In a report titled Application and usability of ECDIS, the UK’s Marine Accident Investigation Branch (MAIB) and the Danish Maritime Accident Investigation Board (DMAIB) investigated a perceived mismatch in the way Electronic Chart Display and Information Systems (ECDIS) were used and the intentions of system manufacturers.
The report was built on interviews with 155 ECDIS users and data from sea voyages in Europe between February and July 2018 on 31 ships. Feedback gathered from the report suggested that "although ECDIS has been in development for about 25 years, it was still seemingly in an ‘implementation’ phase’," said the report.
The challenges raised in the report include distracting alarms which lead to alarm normalisation or physically disabling alarms, the impracticality of setting safety contours leading to official and unofficial workarounds, and the sheer numbers of alerts generated in automatic route checks leading to alerts being ignored, or critical alerts being missed among the less important alerts.
Complex menus and interfaces can lead to users focusing on ECDIS at the expense of other tasks and the necessary cognitive load to use ECIDS can lead to users taking a minimal approach to ECDIS use, said the report.
The report also highlighted some legacy issues based around trust in the systems, such as the framing of ECDIS use within paper chart practices leading to inspections by port states, PSC and SIRE not recognising new ways of working. Users are also trained to distrust ECDIS and check position by other means, despite rarely finding any discrepancies.
“Some of these challenges stem from the system’s automation not always working efficiently due either to the lack of bathymetric fidelity i.e the provision of depth contours in the same manner as provided on paper charts and/or human-centred design not being considered. Decisions to automate and ‘alarm’ the safety contour seem to have been based on the technical ability to do so rather than on an adaptable blending of human and machine capabilities to complete identified tasks in differing scenarios and environments,” said the report.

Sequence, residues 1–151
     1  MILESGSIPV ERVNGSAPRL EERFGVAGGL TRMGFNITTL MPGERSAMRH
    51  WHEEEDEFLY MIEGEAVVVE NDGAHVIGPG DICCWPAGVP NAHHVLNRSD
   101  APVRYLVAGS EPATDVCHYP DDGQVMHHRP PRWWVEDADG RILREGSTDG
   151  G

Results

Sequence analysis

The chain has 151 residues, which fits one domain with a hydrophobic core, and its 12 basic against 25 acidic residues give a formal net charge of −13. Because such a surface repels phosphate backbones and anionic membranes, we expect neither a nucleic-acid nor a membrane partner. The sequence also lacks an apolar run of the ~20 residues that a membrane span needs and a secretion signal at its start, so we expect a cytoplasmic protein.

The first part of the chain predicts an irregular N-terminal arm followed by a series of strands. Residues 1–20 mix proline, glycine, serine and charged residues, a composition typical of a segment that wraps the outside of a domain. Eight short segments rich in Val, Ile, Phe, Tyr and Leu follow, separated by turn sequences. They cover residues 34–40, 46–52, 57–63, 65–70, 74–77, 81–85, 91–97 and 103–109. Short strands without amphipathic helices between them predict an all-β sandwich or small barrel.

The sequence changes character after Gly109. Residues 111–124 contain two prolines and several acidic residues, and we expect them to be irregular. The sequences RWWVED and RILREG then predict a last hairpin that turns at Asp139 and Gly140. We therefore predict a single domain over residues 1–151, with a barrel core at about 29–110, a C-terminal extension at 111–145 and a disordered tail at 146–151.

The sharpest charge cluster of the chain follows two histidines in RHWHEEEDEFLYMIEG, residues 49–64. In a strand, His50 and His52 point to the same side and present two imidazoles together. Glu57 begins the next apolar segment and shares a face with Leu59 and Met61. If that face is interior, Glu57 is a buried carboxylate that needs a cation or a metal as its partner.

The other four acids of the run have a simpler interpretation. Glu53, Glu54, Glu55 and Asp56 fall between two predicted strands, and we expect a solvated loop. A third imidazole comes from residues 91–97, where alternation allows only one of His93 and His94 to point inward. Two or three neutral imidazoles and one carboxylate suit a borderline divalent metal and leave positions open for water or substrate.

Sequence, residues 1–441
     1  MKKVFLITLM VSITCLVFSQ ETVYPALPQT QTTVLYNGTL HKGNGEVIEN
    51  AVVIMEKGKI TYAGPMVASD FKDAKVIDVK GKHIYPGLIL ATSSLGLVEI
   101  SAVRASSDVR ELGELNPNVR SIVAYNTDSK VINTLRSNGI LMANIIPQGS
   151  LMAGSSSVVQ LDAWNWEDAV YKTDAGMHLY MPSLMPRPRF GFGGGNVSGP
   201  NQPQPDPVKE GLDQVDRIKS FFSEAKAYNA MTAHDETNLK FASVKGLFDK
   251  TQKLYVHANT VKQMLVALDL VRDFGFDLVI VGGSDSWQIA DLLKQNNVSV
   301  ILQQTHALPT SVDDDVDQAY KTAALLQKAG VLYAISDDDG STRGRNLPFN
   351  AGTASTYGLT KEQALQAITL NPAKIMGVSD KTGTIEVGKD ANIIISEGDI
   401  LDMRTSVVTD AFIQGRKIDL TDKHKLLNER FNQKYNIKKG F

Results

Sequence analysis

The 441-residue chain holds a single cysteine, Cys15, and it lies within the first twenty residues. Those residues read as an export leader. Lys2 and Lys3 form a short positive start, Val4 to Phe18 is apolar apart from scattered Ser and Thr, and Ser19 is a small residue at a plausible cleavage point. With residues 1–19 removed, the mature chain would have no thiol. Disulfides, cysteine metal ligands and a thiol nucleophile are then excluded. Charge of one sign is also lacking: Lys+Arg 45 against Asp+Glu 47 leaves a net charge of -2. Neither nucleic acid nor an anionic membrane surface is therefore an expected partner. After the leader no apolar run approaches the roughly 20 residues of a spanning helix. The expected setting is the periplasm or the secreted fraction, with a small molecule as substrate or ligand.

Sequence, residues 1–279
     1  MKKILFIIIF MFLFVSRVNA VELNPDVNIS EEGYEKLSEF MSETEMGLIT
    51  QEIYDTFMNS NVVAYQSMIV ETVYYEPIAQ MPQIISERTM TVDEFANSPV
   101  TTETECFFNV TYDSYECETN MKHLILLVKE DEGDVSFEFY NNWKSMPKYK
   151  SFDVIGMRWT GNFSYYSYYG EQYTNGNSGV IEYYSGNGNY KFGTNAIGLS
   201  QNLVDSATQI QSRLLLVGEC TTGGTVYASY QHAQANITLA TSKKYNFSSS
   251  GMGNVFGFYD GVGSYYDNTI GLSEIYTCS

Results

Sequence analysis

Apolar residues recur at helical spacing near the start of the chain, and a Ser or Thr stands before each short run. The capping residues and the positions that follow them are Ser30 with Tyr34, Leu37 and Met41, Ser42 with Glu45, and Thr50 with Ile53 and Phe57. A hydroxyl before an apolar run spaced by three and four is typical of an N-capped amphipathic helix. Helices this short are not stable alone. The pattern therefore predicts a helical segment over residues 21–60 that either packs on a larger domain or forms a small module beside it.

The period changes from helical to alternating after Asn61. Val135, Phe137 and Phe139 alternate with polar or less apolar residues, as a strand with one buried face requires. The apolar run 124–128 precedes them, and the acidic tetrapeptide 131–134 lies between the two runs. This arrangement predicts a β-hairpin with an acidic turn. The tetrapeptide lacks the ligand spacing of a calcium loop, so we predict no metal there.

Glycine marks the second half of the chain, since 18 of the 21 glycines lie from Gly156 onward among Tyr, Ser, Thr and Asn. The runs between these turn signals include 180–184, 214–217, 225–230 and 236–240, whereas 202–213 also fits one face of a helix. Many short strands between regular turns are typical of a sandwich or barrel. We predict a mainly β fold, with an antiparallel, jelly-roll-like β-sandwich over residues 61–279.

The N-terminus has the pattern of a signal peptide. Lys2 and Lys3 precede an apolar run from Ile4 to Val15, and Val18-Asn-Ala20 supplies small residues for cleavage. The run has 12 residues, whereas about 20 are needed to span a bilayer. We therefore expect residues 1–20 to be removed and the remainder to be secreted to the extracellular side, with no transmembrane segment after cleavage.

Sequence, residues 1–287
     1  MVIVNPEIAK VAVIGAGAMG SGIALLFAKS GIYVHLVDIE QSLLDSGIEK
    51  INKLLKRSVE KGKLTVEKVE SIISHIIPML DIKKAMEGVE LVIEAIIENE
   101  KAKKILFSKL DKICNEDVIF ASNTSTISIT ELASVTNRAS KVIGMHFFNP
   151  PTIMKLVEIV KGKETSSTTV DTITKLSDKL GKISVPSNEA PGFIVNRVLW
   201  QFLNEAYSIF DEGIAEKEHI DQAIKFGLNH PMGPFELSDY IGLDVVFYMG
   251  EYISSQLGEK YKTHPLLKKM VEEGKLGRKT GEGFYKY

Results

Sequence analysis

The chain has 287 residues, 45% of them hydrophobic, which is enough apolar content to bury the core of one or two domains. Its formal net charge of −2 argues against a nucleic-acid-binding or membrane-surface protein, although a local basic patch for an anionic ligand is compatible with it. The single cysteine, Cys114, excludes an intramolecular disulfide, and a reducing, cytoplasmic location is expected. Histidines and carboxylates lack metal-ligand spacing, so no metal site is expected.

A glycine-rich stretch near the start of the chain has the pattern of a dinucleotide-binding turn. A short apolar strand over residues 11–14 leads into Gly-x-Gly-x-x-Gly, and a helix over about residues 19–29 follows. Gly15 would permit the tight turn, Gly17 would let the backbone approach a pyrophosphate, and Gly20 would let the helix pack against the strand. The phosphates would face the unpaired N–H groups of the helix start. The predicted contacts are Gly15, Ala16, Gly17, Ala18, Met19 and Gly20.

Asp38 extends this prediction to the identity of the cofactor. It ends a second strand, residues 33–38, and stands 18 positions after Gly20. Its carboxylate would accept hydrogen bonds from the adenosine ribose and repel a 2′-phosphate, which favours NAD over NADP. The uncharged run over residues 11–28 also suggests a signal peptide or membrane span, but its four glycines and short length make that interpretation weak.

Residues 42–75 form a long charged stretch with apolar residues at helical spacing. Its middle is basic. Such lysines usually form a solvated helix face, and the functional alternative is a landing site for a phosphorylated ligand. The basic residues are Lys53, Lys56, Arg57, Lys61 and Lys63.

The main benefit of ECDIS reported by users was freeing up time spent manually plotting ship’s position, time which could be spent on other safety-critical tasks. “Presumably, the time gained is used for improvement of the cognitive assessment of the navigational situation, i.e. more time for route monitoring, keeping lookout, analysing the traffic situation, verifying the position by other means, interacting with the pilot,” said the report.
MAIB and DMAIB said they hoped to engage with ECDIS manufacturers to address the issues raised in their report to try and improve systems through better designs and training. “However, the findings also point towards deep-rooted, structural flaws in the way that new navigation technologies are implemented. Flaws that continue to hinder system development and the evolution of new ways of working, and which also promote reactive rather than proactive approaches in many areas,” said the report.
Changing those more complex issues will be more challenging, requiring international agreement and a focus on issues like proper human-centric design principles, recording, analysing and acting on user experience, and reflecting in training the dominant use of Electronic Navigation Charts and change to officer of watch duties from automation.
The full report can be downloaded on MAIB’s website here.